“It doesn’t matter because a spark can fly over from anywhere,” said Schwarz.
Hot, gusty winds fanned the 24-square-mile wildfire, sending it into new areas and back into places that had previously been spared. Even investigators sent in to determine the cause of the fire were pulled out for safety reasons.
The Red Cross said more than 800 people stayed at shelters.
Black Forest, where the blaze began, offers a case study in the challenges of tamping down wildfires in Colorado and across the West, especially with growing populations, rising temperatures and a historic drought.
Developers describe Black Forest as the largest contiguous stretch of ponderosa pine in the United States — a thick, wide carpet of vegetation rolling down from the Rampart Range that thins out to the high grasslands of Colorado’s eastern plains. Once home to rural towns and summer cabins, it is now dotted with million-dollar homes and gated communities — the result of the state’s population boom over the past two decades.
El Paso County, its economy driven largely by military and defense spending, saw double-digit growth in the last decade and is now Colorado’s largest county, with more than 637,000 people.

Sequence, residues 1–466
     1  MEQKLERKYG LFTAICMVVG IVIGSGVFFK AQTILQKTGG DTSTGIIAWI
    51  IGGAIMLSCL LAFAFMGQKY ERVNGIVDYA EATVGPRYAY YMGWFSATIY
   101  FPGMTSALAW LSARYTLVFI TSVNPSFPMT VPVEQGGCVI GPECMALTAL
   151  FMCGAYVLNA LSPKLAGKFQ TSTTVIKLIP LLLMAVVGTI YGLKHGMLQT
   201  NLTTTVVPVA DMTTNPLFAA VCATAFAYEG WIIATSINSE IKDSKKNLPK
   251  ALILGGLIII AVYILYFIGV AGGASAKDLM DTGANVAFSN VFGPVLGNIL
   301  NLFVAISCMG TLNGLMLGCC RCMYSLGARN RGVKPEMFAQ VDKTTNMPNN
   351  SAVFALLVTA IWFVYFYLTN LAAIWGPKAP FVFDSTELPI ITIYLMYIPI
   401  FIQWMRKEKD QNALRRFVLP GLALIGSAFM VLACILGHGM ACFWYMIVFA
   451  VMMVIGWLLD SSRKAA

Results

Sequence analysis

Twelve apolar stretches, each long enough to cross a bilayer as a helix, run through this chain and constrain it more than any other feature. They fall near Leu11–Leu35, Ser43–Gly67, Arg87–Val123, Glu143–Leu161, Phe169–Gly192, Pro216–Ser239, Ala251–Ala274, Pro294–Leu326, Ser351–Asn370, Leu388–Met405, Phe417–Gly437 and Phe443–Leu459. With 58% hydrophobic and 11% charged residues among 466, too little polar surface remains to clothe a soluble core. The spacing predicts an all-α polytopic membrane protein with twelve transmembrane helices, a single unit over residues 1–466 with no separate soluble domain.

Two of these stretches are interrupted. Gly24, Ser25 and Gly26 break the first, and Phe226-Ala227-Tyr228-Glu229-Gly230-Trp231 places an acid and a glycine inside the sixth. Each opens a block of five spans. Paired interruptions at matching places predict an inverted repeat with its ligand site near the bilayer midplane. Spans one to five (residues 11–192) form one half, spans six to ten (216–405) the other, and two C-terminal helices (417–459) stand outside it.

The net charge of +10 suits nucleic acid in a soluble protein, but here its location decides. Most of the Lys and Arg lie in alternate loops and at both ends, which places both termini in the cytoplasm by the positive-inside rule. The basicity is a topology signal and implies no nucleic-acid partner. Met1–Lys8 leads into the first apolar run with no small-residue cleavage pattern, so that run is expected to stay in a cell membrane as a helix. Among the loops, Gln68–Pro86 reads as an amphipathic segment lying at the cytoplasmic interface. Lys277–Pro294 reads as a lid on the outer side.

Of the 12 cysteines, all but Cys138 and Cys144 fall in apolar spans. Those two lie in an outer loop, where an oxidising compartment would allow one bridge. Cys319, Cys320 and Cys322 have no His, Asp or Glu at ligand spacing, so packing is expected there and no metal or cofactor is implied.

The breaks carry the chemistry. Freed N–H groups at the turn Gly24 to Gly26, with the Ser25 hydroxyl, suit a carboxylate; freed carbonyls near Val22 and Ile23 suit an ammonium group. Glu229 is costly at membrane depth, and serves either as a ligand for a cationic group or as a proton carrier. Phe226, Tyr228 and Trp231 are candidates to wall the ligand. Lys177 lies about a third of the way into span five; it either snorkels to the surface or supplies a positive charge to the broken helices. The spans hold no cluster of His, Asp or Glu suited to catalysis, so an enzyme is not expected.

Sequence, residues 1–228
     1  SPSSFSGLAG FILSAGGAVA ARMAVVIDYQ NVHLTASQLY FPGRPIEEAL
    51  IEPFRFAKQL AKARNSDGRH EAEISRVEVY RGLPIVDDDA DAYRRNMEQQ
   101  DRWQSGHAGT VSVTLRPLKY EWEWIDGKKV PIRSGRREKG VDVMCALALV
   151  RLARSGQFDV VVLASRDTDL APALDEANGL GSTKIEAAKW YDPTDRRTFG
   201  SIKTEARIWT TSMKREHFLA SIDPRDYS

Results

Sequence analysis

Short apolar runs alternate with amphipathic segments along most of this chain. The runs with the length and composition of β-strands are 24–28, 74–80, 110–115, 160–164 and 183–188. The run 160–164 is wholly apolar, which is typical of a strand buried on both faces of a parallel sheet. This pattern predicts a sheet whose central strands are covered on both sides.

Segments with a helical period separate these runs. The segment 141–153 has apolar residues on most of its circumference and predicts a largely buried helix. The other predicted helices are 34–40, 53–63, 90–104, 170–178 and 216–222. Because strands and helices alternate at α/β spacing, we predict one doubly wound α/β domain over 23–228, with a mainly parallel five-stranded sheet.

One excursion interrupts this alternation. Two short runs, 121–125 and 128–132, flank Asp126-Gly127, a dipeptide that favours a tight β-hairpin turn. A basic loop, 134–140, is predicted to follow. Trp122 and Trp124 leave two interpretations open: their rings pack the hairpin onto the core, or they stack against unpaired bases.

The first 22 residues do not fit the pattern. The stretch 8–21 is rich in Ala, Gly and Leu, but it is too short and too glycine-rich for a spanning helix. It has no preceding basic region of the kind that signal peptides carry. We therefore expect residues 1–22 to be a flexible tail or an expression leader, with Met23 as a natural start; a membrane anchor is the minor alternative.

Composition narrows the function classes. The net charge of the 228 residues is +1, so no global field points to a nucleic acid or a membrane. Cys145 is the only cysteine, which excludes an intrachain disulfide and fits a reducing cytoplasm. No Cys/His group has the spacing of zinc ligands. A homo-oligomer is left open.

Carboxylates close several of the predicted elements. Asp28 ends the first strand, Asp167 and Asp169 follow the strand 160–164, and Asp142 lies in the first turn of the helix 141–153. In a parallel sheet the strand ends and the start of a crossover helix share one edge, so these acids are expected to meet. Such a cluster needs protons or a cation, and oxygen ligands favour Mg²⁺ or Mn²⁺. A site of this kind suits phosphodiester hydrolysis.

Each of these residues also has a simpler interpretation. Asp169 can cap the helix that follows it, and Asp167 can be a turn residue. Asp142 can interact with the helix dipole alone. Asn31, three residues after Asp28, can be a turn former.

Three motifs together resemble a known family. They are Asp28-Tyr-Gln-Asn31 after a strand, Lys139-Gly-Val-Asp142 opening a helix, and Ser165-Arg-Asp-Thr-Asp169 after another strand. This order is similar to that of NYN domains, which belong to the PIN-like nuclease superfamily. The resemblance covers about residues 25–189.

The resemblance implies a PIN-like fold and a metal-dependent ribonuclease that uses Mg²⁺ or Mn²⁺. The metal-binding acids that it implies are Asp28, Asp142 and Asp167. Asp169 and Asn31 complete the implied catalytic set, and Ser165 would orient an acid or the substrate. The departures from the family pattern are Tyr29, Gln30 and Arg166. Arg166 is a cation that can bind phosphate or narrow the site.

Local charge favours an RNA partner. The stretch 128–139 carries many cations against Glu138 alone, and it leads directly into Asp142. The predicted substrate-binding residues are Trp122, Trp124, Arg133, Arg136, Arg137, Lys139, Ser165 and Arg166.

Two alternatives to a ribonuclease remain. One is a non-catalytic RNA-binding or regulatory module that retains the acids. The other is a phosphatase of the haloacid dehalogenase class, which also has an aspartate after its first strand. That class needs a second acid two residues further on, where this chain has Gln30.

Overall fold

“There’s so many more people living here in the last 30 years, you couldn’t believe it,” said Bruce Buksar, who’s lived in Black Forest since 1981.
Untold thousands of homes in Colorado’s heavily populated Front Range are at risk for fires, said Gregory Simon, an assistant professor of geography who studies urban wildfires at the University of Colorado-Denver. Many are built on windy mountain roads or cul-de-sacs — appealing to homebuyers seeking privacy but often hampering efforts to stamp out fire. Residents in the outdoor-loving state are also attracted by the ability to hike from their backyards and have horses.